Going 20 miles per hour in a 55 mile per hour zone is NOT acceptable; I don’t care how beautiful the scenery is.  Some of the people you’re sharing the road with are not on vacation and do have somewhere to be at a set time.  If you notice that you have a line of cars (say 3+) behind you and you still want to go slow, do the responsible thing and pull off to the side to let everyone else by.  This will keep everyone’s day going on track.  If you have 10+ cars behind you, follow the above procedure then keep an eye out for the next speed limit sign and adjust accordingly.  If you don’t pull over and we’re forced to pass when allowed, don’t give us the stink eye just because we passed you.  You know who you are!!

3)      Don’t bash the last place you stopped.

There’s a reason the saying “Heard it through the Grapevine” came about.  While we all love to hear how much you enjoyed our wines but if you’re upset about the last place you went it’s probably not a great idea to complain about it to the next tasting room.  This is a small industry and word gets around quickly.  There are many wineries owned by the same companies or individuals and you may be bashing a sister winery unknowingly.  Also by saying how fabulous your last place was it does sometime motivate the tasting staff to top your last experience with their own.  Stay positive and rave about the great tasting rooms.  Just leave the bad ones where they are.

4)  Don’t get mad at the farm equipment on the road.


You’re visiting an agricultural region which does need agricultural equipment such as tractors and big rigs hauling fruit around.  If you’re in the wine region and you’re behind a tractor don’t get upset.  They are very good at following Rule #2 and will generally pull off when safe to do so.  Be sure to wave and smile as a sign of “Thanks” on the way by.  It will make you and the driver of the tractor feel better.  As for the grape trucks during harvest, just think about all the lovely wine those grapes will make once they reach their destination winery.  It’s part of the wine lifestyle so enjoy it if you’re in this situation.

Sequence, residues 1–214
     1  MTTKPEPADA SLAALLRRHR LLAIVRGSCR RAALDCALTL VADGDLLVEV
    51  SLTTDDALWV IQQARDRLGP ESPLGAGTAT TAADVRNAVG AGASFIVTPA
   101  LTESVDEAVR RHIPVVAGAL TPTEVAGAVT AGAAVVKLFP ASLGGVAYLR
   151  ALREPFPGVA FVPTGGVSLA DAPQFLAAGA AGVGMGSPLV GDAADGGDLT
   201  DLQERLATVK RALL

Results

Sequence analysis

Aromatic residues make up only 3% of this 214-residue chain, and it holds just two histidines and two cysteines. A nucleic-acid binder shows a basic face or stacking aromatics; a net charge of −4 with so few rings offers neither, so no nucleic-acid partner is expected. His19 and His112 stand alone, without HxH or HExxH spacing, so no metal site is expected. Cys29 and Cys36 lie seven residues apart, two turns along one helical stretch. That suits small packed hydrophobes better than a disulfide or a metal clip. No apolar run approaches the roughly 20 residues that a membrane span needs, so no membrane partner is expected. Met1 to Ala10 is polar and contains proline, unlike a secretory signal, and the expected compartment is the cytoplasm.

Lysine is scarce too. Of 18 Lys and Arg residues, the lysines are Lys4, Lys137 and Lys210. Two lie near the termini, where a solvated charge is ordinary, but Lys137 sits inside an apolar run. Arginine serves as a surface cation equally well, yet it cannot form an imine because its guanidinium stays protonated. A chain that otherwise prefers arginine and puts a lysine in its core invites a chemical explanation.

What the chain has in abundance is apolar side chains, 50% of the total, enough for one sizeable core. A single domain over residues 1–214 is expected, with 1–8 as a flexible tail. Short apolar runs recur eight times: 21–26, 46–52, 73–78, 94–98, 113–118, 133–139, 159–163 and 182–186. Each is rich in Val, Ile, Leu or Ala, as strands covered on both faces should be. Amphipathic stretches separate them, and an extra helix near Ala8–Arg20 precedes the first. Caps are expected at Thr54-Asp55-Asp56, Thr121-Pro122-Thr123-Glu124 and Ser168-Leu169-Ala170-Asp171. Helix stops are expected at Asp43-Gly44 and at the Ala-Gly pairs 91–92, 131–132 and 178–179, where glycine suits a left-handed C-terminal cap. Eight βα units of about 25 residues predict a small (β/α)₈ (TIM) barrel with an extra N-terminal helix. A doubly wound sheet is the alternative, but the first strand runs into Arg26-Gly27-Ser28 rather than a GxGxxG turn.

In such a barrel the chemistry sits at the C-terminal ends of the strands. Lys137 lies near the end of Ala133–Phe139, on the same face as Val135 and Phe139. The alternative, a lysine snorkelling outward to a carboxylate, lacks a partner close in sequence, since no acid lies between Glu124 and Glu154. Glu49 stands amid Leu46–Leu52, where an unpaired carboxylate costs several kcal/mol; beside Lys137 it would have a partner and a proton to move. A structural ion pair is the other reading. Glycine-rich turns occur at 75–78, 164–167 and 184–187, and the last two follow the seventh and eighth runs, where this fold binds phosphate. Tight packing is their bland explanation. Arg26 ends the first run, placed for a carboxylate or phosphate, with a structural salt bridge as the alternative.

4)      Don’t assume you can wander through the vineyards on the side of the road.


While vineyard lined roads are fantastic to drive down please don’t think this is an open invitation to wander on in.  This can, at minimum cause minor harm to the vines and at worst can expose you to whatever chemical was just sprayed that morning. We don’t go wandering through your flower garden at home so please stay to the allowed areas. Keep your vineyard wandering confined to wineries that invite you to get a closer look and enjoy the views of the vines from the side of the road elsewhere. 

5)      Watch for Bicycles!


I personally know a number of people, including myself, who love to get on a bike and ride out the stress of the day in a winery (yes even at wineries there is stress!) after work or on the weekends. Getting on a bike is also a very nice way to explore the areas around Napa sans auto!  While you’re driving please be careful of bicyclists, especially on sharp corners.  Slowing down and widely passing when safe is greatly appreciated.  We’ll try to give you as much room as possible.

By following these guidelines your trip to the wine country can be enjoyable for both you and the people who live there.  Be safe. Be smart. Don’t be an obnoxious tourist.